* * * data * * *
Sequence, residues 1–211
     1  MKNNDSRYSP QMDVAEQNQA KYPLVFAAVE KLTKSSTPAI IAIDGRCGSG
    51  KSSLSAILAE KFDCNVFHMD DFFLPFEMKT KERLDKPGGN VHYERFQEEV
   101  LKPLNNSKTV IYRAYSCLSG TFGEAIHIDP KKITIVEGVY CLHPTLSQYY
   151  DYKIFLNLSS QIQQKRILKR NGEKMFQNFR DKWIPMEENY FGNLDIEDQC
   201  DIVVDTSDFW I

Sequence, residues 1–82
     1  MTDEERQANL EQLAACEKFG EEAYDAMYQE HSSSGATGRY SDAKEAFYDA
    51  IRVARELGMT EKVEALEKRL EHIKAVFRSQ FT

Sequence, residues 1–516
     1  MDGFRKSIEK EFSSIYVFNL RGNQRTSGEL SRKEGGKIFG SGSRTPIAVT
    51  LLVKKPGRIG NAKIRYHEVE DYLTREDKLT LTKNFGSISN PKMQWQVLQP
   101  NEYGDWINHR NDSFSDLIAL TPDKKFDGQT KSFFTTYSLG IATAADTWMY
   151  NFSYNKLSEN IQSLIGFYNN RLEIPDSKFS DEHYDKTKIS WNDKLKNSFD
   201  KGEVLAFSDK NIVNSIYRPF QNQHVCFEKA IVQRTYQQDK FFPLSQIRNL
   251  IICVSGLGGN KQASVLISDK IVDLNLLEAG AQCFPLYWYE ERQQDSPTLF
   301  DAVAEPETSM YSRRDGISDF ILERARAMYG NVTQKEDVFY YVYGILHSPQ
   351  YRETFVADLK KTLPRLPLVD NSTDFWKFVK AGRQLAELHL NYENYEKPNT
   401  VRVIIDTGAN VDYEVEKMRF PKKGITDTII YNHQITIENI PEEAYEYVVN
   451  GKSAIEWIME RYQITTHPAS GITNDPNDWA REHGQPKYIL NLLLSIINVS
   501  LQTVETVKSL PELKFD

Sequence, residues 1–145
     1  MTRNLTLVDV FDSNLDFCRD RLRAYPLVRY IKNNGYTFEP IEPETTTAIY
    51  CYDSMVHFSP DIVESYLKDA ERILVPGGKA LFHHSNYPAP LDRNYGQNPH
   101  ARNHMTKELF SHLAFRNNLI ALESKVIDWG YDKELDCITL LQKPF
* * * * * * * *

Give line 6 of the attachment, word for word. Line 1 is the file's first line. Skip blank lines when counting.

   201  DIVVDTSDFW I